Abortion in first 12 weeks to be allowed
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Abortion in first 12 weeks to be allowed

(Bangkok Post file photo)
(Bangkok Post file photo)

The cabinet has approved a law amendment bill that allows women with pregnancies of not more than 12 weeks to get an abortion.

If approved by the House of Representatives early next year, the bill will let such women have abortion if they “insist on terminating the pregnancies”.

The amendments also decriminalise doctors who perform an abortion if such conditions are met. 

The bill amends two sections of the Criminal Code.

The new Section 301 allows women with pregnancies of not more than 12 weeks to get abortion. In the current version, abortion is not allowed in all cases.

The 12-week period is based on the opinions of the Medical Council of Thailand and the Royal Thai College of Obstetricians and Gynaecologists, which view it as the safest period with fewest risks, deputy government spokeswoman Rachada Dhnadirek said on Tuesday. 

Moreover, penalties are also reduced for women getting abortion when the pregnancies are beyond that period by taking into account the pains they have already endured from the procedure.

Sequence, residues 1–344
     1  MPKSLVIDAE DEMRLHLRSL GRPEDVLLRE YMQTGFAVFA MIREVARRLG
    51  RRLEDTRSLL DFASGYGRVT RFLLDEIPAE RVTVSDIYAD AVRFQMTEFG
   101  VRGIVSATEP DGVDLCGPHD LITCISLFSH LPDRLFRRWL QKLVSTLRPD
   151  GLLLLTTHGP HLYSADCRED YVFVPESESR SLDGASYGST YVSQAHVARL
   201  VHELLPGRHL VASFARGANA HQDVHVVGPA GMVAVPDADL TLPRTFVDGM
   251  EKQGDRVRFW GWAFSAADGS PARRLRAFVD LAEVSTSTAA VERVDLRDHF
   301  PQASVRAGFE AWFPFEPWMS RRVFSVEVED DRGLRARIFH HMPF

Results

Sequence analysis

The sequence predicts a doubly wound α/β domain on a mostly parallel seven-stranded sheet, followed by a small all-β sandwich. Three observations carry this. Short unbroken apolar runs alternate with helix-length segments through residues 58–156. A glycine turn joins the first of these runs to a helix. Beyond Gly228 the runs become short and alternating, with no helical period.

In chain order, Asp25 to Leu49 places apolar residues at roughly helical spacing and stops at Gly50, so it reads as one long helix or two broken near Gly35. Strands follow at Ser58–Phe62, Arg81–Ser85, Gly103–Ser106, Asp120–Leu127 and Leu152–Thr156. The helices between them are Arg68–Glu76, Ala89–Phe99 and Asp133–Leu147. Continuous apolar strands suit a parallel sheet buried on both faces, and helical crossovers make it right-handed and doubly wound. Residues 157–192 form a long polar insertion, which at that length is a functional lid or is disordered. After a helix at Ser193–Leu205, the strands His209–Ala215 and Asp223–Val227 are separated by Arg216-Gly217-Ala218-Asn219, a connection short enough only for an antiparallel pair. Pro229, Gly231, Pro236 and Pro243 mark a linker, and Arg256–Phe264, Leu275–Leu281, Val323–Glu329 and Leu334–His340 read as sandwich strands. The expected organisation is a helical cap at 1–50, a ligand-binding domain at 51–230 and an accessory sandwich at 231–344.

Under the amended Section 301, any woman who has had a self-induced abortion or allowed others to do it for her shall be punished with not more than six months in prison and/or a fine not more than 10,000 baht, compared to a three-year jail term and/or a fine of not more than 60,000 baht in the current version.

The other section to be amended in the bill is Section 305, which lists the exceptions.

A clause will be added to allow any woman with a pregnancy not more than 12 weeks to get an abortion if she insists on terminating it.

The other exception added is when there is a high risk of serious fetal impairment.

The current clause only allows abortion in the event of medical conditions or risks to life for the women, or when the pregnancies are the result of rape, deceptions or coercion.

Earlier, the government instructed the Council of State to draft the amendment bill after the Constitutional Court had ruled in February the two sections were unconstitutional because they violate Section 28 of the charter, which endorses the rights to life and body.

The bill will be sent to the House and is expected to take effect before Feb 12 next year. The Constitutional Court wrote in its ruling that if the laws were not changed within 360 days, they will automatically be repealed because they were in breach of the constitution, Ms Rachada said.

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